Tuesday, July 17, 2012


By Dr. Alexandra Vinograd, a former Rotary Scholar and Youth Exchange Student
I just returned home from two years living and working as a physician in rural Rwanda. Like the other times I have returned home from abroad, I welcome the familiarity of things. I love understanding the subtleties of language and knowing how to greet someone without seeming awkward. I like the hot showers and my spring mattress and the coffee shop on the corner. (click below to read more)

But, inevitably I miss what has become my home away from home. This time, I miss the hospital on the terraced green hill-top in northern Rwanda. 
As any returning exchange student can attest, the most common question you are asked upon returning home is: “How was it?”  I struggle to come up with a few words or a phrase to sum up my last two years in Rwanda.  
It was amazing and challenging and inspiring and tragic and beautiful and frustrating all at the same time. I want to tell you about the thousands of hills in northern Rwanda and the green and blue and purple hues that light them at sunset and the gorillas that play in their forests. 
I want to tell you about the children who must never have been told that the yellow jerrycans of water they carry home every day are heavy because they lift them with such ease. I want to tell you about the women in their bright clothes balancing rainbow colored umbrellas and baskets of pineapples piled high upon their head all while climbing up and down impossibly steep mountain trails.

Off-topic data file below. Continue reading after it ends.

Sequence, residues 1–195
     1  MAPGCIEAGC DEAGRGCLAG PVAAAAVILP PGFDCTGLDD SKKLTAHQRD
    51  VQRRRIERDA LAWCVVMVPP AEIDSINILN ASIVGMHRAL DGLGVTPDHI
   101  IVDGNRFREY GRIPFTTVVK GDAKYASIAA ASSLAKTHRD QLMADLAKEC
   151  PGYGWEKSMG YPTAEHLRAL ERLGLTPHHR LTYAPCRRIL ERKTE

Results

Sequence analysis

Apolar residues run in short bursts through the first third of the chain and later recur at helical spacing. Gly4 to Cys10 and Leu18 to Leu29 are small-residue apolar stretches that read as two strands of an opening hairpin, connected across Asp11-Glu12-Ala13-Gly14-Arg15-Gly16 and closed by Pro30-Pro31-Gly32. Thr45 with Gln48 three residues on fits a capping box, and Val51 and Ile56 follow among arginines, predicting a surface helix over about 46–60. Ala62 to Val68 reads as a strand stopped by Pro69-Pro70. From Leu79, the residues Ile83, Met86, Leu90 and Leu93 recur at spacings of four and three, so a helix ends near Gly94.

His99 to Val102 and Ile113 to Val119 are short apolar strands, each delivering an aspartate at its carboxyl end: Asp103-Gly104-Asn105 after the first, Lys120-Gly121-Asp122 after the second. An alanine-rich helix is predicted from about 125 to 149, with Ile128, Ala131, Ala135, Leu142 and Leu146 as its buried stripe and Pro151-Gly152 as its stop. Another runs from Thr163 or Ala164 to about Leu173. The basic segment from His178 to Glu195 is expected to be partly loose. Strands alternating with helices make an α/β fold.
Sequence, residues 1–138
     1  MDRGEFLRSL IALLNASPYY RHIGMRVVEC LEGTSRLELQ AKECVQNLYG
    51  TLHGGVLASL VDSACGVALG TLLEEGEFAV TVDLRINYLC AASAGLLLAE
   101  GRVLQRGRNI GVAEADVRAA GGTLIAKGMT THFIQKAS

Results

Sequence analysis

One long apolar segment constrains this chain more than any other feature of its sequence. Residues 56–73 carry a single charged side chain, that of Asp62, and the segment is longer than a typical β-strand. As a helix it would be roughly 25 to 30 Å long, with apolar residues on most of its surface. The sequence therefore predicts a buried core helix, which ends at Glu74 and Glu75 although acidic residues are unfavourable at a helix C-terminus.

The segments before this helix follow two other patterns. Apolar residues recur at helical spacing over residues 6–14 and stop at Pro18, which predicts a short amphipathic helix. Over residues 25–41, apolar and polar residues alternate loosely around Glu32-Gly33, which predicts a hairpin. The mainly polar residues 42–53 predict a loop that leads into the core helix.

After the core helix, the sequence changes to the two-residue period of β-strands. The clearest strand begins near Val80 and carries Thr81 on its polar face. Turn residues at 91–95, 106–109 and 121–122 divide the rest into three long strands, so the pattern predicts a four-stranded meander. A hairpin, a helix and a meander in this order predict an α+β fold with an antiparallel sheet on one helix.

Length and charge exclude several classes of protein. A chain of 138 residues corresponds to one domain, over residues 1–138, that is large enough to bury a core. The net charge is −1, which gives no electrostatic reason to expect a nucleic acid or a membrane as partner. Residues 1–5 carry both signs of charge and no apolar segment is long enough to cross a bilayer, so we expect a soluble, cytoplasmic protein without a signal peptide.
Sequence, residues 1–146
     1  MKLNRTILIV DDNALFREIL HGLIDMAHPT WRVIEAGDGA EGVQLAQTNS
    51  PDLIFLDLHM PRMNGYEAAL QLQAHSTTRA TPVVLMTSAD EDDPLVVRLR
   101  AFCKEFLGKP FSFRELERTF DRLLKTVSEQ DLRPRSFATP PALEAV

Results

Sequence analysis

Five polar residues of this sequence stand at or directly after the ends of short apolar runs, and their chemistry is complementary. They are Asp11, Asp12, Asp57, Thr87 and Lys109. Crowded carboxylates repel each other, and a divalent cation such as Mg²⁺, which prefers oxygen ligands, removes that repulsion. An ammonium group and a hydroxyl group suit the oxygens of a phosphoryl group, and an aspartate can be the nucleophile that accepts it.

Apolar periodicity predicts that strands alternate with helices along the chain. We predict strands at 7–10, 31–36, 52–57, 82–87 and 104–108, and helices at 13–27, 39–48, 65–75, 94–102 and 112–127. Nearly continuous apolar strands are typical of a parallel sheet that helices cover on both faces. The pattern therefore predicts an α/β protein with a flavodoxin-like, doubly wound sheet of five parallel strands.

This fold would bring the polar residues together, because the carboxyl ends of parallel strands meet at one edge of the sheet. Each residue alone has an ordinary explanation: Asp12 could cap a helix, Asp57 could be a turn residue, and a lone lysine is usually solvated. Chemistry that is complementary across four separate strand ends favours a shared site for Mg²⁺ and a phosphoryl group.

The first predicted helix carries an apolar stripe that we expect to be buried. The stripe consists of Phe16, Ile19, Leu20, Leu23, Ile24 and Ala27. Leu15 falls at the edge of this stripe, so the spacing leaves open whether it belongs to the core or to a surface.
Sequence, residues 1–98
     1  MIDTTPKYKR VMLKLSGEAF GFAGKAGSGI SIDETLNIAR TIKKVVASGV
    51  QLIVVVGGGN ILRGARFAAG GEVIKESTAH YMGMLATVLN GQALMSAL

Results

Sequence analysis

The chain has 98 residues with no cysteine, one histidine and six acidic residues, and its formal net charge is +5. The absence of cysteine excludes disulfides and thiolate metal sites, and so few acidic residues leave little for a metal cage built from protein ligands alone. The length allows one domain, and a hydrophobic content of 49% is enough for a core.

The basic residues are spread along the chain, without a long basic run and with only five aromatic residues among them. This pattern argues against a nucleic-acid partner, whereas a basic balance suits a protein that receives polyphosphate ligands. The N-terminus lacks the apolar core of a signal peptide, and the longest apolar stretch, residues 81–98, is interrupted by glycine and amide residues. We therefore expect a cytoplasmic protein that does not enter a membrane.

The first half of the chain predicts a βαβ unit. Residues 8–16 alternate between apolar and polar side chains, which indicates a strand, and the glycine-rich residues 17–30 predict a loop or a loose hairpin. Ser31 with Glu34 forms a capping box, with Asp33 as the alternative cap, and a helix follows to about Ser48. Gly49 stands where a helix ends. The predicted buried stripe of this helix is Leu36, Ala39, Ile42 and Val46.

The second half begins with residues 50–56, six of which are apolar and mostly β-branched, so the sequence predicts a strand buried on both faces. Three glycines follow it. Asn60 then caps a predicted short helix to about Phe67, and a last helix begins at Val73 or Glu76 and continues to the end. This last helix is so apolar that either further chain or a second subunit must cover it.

I also want to tell you about my patients. I want to tell you about the infants who would have died if that hospital was not there. They are now learning to coo and babble and crawl and toddle. I want to tell you about Alice and Axel and all of the other children who died despite our best efforts. They remind us to try harder. I want to tell you about the sorrow on a father’s face when he hears that there is nothing we can do for his son except control his pain as he dies. I want to tell you about the doctors and nurses I worked with who keep trying and keep learning in spite of these tragedies in hopes of saving more lives.
Instead, while those images and emotions and memories wash over me like a tidal wave, I tell you, “It was great.” And it was. 
Editor’s Note: Vinograd returned to the United States in June, after working for two years at a hospital in Rwanda, helping to treat children in life-threatening situations. The only pediatric specialist serving an area of 400,000 people, she accompanied doctors to  teach other doctors and nurses to improve the quality of care provided. Watch a video about her work.

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